So it seems that Joan’s father died the year she was born — which might explain why Mary felt she couldn’t manage alone with both children. When looking at an enhanced version of the soldier’s portrait, military experts have suggested he belonged to the King’s Own Scottish Borderers, and pointed out that he’s wearing a Military Medal ribbon. Putting all these pieces together, the sisters settled on a soldier named Archibald Borland Cameron as a good possibility for Mary’s man. He served with the KOSB (and later with the Border Regiment); he was awarded the Military Medal for heroic action in 1916; and he died in April 1918, just a couple of months before Joan was born. Other parts of his story don’t fit, however: Archie, as he was known, was Scottish, not English; and he was the youngest son, not the oldest. But his service record does offer a tempting detail: in January 1916, the very month John was born, Archie Cameron “illegally absented himself without leave.” Is this just a coincidence, or was it the case of a young father anxious to meet his baby son?

Untitled 3.tif

Does some distant relative of Archie’s have a photograph that matches the picture above, of Joan’s father?  It’s hard to imagine what evidence might surface now, after a century has passed, to clear up the mystery of Mary Jamieson and her children. But I can relate to Alison and Fiona’s determination to find the answers. And to the fact that, even when you don’t find answers, the search is fascinating.

Lives of the First World War: Mary Jamieson

Lives of the First World War: Archibald Borland Cameron

Woman in White

A young signalman on the Southern Railway, at Cane Hill Box, Coulsdon, had the fright of his life yesterday at daybreak. Looking out of one of the windows of his cabin, Ernest Fills saw a ghostly apparition approaching, says the London “Daily Chronicle” correspondent. It proved to be an old lady in her night attire, with her hair in disarray all over her face. There was a fixed stare in her eyes; she was clasping her hands over her breast and screaming. Evidently she had been attracted to the signal-box by the light. Fills opened the door and asked her in, but she did not answer. He touched her on the shoulder, and she turned round and cried, “Don’t touch me! Don’t send me back; don’t send me back! I want to find my children.” The signalman was alarmed, for the woman was shivering violently, but he persuaded the wanderer to enter the signal-box, and went to fetch an asylum attendant who lived near. When he returned the woman had gone. A quarter of an hour later she was found on the side of the railway, at Ashdown Park Hotel, still shrieking, “Don’t send back; don’t send me back.” It was found that the woman was a dangerous mental patient, who had escaped from Cane Hill Asylum. She was returned there.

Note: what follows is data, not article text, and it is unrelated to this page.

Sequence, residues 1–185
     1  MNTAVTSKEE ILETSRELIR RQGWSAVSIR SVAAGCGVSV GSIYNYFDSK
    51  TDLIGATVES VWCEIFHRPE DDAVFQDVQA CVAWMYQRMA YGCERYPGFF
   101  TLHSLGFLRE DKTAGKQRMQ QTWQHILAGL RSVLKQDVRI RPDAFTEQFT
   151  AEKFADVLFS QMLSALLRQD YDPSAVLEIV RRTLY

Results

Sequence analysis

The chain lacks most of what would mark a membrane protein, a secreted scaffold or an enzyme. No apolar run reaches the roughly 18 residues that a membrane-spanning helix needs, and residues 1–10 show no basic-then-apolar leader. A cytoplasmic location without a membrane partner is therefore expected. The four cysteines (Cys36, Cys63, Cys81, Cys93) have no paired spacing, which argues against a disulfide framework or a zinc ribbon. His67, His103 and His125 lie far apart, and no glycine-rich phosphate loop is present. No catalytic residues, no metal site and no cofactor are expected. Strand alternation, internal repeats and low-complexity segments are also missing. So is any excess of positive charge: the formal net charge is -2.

Hartlepool Northern Daily Mail, Thursday, 26 April 1923.

Chapter 3 - Mary Anne Evans, circa 1893, around the time of her engagement to Harry Deverill
Our great grandmother, Mary Anne Deverill, was a patient at Cane Hill Asylum not long before this article was written. This photograph shows her in happier times, in the 1890s, about to be married.